Clin Endosc > Volume 47(5); 2014 > Article
Kang: Diminutive and Small Colorectal Polyps: The Pathologist's Perspective


Recent progress in advanced endoscopic imaging and electronic chromoendoscopy allows the real-time endoscopic estimation of the histologic type of polyps, mainly for the differentiation of adenomas from hyperplastic polyps. Accordingly, a "resect-and-discard" strategy applied to diminutive colorectal polyps is now one of the emerging issues among gastroenterologists. The strategy has a practical advantage in terms of the potential cost savings. However, it has a number of limitations in the medical, academic, and legal aspects. The major pitfalls include the endoscopic investigation of colorectal polyps with a wide variety of histogenetic origins, including serrated polyps, and the lack of a standardized method for polyp size measurement. Another issue is the importance of the pathologic diagnosis for legal purposes and medical research. Moreover, it is not certain whether the implementation of the strategy has economic benefit in countries with an undervalued reimbursement system for pathologic examination. There is no doubt that a highly confident optical diagnosis of polyp type is a novel valuable tool. It can provide a more steady symbiosis between gastroenterologists and pathologists to allow a more evident diagnosis and management of patients with colorectal polyps.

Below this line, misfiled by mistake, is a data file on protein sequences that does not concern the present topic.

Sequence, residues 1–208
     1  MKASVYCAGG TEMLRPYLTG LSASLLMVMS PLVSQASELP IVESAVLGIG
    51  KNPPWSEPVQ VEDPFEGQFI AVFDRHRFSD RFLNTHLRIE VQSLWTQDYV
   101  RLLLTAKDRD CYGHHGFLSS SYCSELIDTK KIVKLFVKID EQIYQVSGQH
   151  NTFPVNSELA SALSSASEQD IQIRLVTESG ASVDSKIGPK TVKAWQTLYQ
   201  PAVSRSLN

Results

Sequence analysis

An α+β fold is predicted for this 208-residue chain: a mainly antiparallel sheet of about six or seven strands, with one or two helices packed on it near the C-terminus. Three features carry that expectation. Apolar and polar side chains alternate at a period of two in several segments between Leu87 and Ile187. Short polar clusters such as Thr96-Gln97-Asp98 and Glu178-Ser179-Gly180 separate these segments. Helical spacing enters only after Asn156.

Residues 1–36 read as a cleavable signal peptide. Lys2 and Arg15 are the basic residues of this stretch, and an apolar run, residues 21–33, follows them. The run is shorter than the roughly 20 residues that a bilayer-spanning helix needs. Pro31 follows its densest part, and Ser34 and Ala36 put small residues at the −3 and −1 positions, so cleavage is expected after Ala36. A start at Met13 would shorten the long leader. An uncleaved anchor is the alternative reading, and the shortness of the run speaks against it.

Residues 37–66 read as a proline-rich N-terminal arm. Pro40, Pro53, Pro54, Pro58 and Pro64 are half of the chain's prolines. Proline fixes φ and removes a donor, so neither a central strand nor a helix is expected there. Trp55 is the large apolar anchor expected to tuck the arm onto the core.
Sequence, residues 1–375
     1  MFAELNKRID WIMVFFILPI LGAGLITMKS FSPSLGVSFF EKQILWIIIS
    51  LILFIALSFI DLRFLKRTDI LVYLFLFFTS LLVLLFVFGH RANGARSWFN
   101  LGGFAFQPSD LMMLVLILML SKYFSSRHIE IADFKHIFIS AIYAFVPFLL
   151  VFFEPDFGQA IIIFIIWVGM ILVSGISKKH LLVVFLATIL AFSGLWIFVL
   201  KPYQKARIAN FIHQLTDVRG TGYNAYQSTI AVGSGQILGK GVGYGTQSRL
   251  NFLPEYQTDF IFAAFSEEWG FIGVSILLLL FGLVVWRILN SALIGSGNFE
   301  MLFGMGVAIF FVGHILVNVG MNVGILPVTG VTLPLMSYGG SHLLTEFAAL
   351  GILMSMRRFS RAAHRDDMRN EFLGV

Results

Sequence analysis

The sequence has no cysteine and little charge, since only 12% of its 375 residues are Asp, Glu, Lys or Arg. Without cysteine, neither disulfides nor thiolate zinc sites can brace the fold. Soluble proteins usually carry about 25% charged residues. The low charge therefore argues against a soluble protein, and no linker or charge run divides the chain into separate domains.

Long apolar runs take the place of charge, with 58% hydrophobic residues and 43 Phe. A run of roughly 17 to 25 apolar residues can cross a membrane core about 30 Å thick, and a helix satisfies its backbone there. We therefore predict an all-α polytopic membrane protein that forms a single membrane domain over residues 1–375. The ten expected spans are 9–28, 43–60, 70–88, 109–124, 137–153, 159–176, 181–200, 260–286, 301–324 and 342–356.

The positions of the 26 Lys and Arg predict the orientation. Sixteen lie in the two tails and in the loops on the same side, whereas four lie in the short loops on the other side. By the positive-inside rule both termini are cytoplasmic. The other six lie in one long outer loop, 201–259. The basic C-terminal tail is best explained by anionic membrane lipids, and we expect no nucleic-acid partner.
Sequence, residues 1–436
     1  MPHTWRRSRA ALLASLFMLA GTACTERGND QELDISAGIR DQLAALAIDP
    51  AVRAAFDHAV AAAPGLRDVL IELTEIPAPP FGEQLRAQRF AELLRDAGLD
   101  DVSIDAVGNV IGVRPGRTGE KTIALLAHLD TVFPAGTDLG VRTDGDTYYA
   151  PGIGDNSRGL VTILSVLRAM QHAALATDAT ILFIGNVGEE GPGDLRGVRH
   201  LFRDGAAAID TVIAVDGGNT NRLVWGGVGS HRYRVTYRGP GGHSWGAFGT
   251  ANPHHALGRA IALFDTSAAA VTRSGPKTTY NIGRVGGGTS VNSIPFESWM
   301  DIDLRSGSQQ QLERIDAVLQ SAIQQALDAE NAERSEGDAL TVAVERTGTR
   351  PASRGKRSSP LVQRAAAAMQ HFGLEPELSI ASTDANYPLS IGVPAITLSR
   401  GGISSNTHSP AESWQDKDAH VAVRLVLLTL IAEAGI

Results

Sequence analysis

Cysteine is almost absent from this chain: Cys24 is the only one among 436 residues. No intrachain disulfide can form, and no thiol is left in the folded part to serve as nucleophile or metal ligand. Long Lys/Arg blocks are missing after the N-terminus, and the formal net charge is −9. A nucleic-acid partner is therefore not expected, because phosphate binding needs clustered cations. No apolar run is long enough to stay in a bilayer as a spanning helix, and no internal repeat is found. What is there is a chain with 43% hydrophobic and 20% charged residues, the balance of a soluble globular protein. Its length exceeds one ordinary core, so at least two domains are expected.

Colonoscopy has become the primary method for colorectal cancer screening. It is effective in the detection and removal of adenomatous polyps,1,2 and is being increasingly and widely used.3 Accordingly, biopsy and final confirmative diagnosis of endoscopic procedures, including polypectomy, mucosal resection, and submucosal dissection, are growing practices in the field of surgical pathology.4 Histopathologic diagnosis of colorectal lesions plays a crucial role in patient management;5,6 therefore, accurate pathologic examination of colorectal lesions is of paramount importance. The current standard guideline for the colonoscopic management of polyps is to retrieve all resected tissue for pathologic assessment.7